"Whereas traditional Pilates instructors would typically train the body using biomechanical principles, those with a neurological background would focus on targeting the nervous system directly," she says.
While traditional Pilates tends to focus more on the trunk, brain-based fitness methods focus on areas of the body with a high number of sensitive nerve endings, such as the feet, hands, spine and jaw. The underlying message is that by improving the function of the brain, every other bodily function will improve by default. The most typical complaints are neck and shoulder tension, while many clients are also keen improve their posture.
"I realised there were many overly simplified answers about why certain body parts are dysfunctional," Abdel Gawad says. "When I started learning how the brain works in relation to movement and pain, it immediately made sense why some Pilates corrective exercises succeeded in certain areas but failed in others," she explains.
"The movements will be similar to a regular mat Pilates class, but will include specific eye positions – for example, inner-ear balance drills or direct brain-activation drills that can be combined with the movements."
My extensive, two-hour assessment was a mode of enlightenment in itself. Holding my rib cage as I inhaled, we discovered my left-sided "wooden" rib cage. By gliding a tissue over my leg, we discovered how desensitised my left thigh was, finally discovering the origin of my constant left knee pain and meniscal tear. Through simple eye movements, we gauged which part of my brain was overactive and which side had to be energised to send signals to the dormant muscles.
"We conduct neurological assessments to identify which parts of the brain are underperforming, followed by a series of other assessments to include things like posture, vision, vestibular balance and muscle testing," Abdel Gawad explains. "A client's history can often be the key and can give us a great deal of information on previous unrelated incidents."
Abdel Gawad gives her clients a number of exercises or drills to do at home, such as wearing an eyepatch on one eye when training or wearing music earphones in one ear to stimulate the non-dominant eye or ear.
There can be psychological reasons for compensation patterns, says Jocelyn Kope, a physiotherapist at the Breath and Health Alternative Medical Centre in Dubai.
"Someone who was hit by a car on the left, for example, may unconsciously keep their left side and left shoulder tensed protectively," she says. "Sometimes, all that's needed is for them to be made aware of their holding pattern, but they may also require a deeper intervention to help release past trauma. Forcing change will just cause other compensation patterns. The body holds onto memories of all our experiences on every physical level – in the fascia, in scar tissue and in movement."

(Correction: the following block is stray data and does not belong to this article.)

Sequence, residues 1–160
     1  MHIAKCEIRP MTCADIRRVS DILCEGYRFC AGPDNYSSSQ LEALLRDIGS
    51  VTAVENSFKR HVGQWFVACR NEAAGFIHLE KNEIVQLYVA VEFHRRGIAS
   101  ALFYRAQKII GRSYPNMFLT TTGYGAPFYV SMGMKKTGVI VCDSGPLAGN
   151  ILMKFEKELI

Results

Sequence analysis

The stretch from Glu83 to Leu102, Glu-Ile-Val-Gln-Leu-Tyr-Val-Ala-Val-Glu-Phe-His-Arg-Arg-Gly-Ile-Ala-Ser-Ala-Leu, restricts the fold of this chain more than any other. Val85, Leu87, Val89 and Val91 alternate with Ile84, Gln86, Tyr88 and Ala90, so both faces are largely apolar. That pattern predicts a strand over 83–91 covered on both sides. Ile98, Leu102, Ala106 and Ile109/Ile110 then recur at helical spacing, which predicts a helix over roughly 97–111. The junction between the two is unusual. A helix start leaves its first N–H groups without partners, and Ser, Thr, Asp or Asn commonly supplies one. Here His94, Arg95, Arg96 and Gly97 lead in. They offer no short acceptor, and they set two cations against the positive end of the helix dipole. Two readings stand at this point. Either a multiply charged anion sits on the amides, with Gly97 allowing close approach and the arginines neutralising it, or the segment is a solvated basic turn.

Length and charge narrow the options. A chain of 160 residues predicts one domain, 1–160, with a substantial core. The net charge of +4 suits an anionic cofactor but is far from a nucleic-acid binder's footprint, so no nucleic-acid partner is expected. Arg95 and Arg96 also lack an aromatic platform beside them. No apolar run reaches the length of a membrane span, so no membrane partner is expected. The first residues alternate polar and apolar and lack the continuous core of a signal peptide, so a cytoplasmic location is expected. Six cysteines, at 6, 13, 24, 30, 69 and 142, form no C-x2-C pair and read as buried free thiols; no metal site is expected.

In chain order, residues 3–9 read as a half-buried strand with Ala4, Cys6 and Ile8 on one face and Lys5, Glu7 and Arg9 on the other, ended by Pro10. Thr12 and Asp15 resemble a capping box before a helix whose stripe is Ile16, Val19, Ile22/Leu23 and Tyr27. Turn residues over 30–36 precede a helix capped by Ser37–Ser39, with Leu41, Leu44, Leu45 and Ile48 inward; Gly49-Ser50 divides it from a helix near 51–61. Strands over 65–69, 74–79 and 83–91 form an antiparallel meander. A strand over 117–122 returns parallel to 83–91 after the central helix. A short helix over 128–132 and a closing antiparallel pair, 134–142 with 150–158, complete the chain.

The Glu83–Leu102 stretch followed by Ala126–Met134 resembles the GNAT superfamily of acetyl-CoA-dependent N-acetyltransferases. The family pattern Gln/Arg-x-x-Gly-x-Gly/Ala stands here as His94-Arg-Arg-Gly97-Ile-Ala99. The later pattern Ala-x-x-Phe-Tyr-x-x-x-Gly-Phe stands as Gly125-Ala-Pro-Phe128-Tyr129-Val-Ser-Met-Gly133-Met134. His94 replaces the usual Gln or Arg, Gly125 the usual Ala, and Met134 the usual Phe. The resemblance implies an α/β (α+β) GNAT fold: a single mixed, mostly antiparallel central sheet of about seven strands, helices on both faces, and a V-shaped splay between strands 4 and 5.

"There is no such thing as good posture or bad posture", Kope maintains. "The important thing is to avoid one sustained position."
Pierdanilo Sanna, who is an orthopaedic surgeon with Zia Medical Centre Dubai and Awazen Medical Centre Abu Dhabi, is one of few surgeons who looks beyond the biomechanical. "We usually consider prolonged postural or muscular imbalances on a functional basis, but looking at neuroanatomy, would discover something completely different," he says.
"Our body is a single unit linked by circuits and governed by reflexes. Thus, to resolve biomechanical pain and dysfunction, we have no choice but to look to the neurological origins. The origins of any form of compensatory behaviour can be found within the neuromuscular system. For example, we have found links between foot misalignment and the teeth."
Caroline Leon is a Pilates master trainer for Pilates Moves Australia who teaches alongside Abdel Gawad, and is also the owner of online fitness education company A Life of Education and Pilates teacher-training company A Life of Energy. She shattered her feet, pelvis and part of her spine after falling off a rock-climbing wall, and says the difference between acute and chronic pain is easy to decipher.
"Biomechanically, when you hurt, say, your elbow, this is acute pain. But when the pain is recurrent, it becomes chronic pain, which originates in the nervous system. The problem is that acute pain recurs indefinitely if not addressed."
Or, as Goldstein Mikulla puts it: "Embarking on any fitness regimen without addressing the source of any physiological issue will just build dysfunction upon dysfunction."